The EU mandated rollout of smart meters accounts for 250 million smart electricity meters to be put in place by 2020. Up to now, only 12 member states have decided to go ahead with their rollout. Investments in smart meters are still limited on a European scale. This noticeable delay in the rollout of smart meters has several dimensions, but a fragment of the opposition against smart meters is based on misconception of what a smart meter actually is and can do for us.
Smart meters ensure accurate measurement and transmission of electricity, gas, water or heat consumption data or load profiles. They facilitate dynamic pricing based on its advanced time-based pricing mechanism. The smart meter will be connected to digital technology, communications and control devices. This creates an advanced metering infrastructure . In other words, the smart meter is not a solution in itself, but a central part of an infrastructure that offers various smart grid-related functionalities to various stakeholders to gain insight in energy data and usage.
With this insight, consumers will be able to better manage their consumption and, as a result, to potentially lower their bill. Accurate and more detailed billing information will improve their knowledge about how much electricity they consume. Smart meters will also help make consumer processes more efficient and reliable, leading to faster supplier switching and higher consumer satisfaction. In other words, to give the consumer as well as the utility the most accurate data on energy consumption, having a smart meter seems an obvious choice.
In most cases, the consumer will not read consumption data straight from the smart meter. Real data that are appropriate for consumers need to be presented in consumer friendly ways. There are several devices that can translate the data coming from the smart meter into understandable feedback on current consumption level, current bill and historical consumption. The functionalities of these technologies such as in-home displays (IHDs) should not be confused with those of a smart meter.
Research performed by VaasaETT, Empower Demand 1, is based on extensive analysis of more than 100 pilots. The study suggests an average energy efficiency saving from in-home display based feedback of around 9%. The follow-up research, Empower Demand 2, confirms that to realize such energy savings, the use of communication and feedback devices are key. Many consumers have been confronted with smart meter infrastructure technologies and related costs without sufficient understanding of how that technology might assist to manage their energy consumption.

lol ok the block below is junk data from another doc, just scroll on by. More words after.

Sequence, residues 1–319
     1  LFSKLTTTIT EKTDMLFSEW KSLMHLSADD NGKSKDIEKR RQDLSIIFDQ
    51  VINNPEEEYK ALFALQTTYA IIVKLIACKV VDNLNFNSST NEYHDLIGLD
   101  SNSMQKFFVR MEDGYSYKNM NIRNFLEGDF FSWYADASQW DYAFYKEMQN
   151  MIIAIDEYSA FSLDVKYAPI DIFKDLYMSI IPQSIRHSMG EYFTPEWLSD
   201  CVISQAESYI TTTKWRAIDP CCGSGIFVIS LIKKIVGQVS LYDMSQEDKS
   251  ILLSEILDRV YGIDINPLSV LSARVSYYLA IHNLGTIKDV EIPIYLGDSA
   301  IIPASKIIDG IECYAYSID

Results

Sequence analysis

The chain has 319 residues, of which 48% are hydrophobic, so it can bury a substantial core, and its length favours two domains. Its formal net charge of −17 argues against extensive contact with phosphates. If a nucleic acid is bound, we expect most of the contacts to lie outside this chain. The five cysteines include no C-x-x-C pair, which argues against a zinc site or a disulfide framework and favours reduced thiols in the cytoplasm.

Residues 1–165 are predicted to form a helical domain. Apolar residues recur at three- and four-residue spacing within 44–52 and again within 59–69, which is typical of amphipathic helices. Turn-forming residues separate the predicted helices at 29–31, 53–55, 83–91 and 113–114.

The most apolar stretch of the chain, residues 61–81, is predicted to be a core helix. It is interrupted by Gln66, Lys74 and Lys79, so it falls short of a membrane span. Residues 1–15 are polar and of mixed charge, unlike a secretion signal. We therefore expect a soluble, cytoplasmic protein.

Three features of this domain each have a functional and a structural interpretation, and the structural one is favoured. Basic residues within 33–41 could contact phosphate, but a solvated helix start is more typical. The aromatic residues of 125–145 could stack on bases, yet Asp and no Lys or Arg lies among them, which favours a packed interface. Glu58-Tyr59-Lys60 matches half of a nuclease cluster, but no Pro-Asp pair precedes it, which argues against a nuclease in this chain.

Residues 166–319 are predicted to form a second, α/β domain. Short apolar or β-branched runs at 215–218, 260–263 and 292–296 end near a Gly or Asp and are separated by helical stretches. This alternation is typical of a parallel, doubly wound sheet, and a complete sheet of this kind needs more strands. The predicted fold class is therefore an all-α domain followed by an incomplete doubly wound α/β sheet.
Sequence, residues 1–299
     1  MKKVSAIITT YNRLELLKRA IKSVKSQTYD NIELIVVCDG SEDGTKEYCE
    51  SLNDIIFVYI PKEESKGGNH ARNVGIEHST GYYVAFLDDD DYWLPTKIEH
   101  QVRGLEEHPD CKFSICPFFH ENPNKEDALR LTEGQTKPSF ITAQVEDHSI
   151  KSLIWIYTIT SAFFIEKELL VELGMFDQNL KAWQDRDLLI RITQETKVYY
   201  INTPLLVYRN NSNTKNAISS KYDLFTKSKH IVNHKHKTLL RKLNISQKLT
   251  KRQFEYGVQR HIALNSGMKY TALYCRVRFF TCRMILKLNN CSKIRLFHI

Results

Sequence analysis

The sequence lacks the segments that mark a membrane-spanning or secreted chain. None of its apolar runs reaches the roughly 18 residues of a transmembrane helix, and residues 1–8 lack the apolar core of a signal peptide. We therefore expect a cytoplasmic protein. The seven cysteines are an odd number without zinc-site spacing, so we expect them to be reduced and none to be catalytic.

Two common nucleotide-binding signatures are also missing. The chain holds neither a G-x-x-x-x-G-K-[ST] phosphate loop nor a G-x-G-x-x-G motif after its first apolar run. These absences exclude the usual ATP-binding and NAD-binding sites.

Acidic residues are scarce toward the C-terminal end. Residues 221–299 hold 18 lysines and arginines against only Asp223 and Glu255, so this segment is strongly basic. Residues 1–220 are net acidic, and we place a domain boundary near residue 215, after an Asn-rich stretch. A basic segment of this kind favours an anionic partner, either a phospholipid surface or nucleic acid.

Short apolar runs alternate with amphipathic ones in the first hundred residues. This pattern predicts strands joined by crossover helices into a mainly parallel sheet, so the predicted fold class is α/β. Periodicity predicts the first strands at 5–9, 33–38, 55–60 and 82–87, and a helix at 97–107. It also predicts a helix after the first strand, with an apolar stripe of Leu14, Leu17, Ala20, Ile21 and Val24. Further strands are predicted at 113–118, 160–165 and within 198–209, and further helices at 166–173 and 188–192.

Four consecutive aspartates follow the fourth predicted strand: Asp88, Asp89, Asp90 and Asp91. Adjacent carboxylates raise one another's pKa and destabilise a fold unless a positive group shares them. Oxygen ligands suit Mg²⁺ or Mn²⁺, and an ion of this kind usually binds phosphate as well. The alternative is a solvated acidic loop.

ESMIG members produce all the technologies to realize consumer empowerment: smart meters with the correct functionality, IHDs, smart phone apps, web applications and more. All these are available on the market today. Below are some examples:
An example of direct feedback is an energy monitor: a technology for meters that show actual consumption from the meter and possibly individual appliances. With this type of feedback, consumers can have more information about their energy consumption, so effectively this technology can lead to itemized billing and customers can modify their behaviour to cut their bills. The advantage is that it is easy to use: the display and interaction is simple and intuitive.
These monitors are already put into service as part of the UK foundation phase rollout and have showed their effectiveness in significant customer behaviour trials in, e.g. Ireland, the Netherlands and various other member states.
Examples of indirect feedback are customer energy management (CEM) applications: a web application run by utilities and offered as a service to their customers. The advantage of this solution over monitors is that utilities can also engage with their customers:
offering real time analysis of detailed consumption data, providing energy savings tips, comparing energy savings with their neighbourhood and sending feedback to the utility.
CEM applications are in use in Europe, Asia, US, Australia and New Zealand. In Europe, they have been implemented for example in Belgium, The Netherlands, France, Germany, UK and Switzerland.
Technology is an important and enabling factor in realizing the energy saving potential of smart meter enabled programs, particularly when developed in accordance with the needs of end-consumers, enabled through constructive regulation and introduced with outstanding consumer education. In ESMIG’s you may find a full account of available technologies from ESMIG members.
About The Author
Nicolle Raven graduated in European Law and Politics, with a Master’s degree in European Public Affairs. She worked as a public affairs consultant for 3 years in the energy and healthcare sector. After working for the European Commission on youth policy, she returned to the EU energy sector last year, as policy officer for ESMIG and as an Adviser with the Orgalime Partnership.
About The Organization
The European Smart Metering Industry Group (ESMIG) is the European industry association that provides knowledge and expertise on smart metering and related communications at a European level. ESMIG’s members are the leading companies in the European smart metering market: meter manufacturers, IT companies, communications product and service providers, home energy management product and service providers and system integrators. www.esmig.eu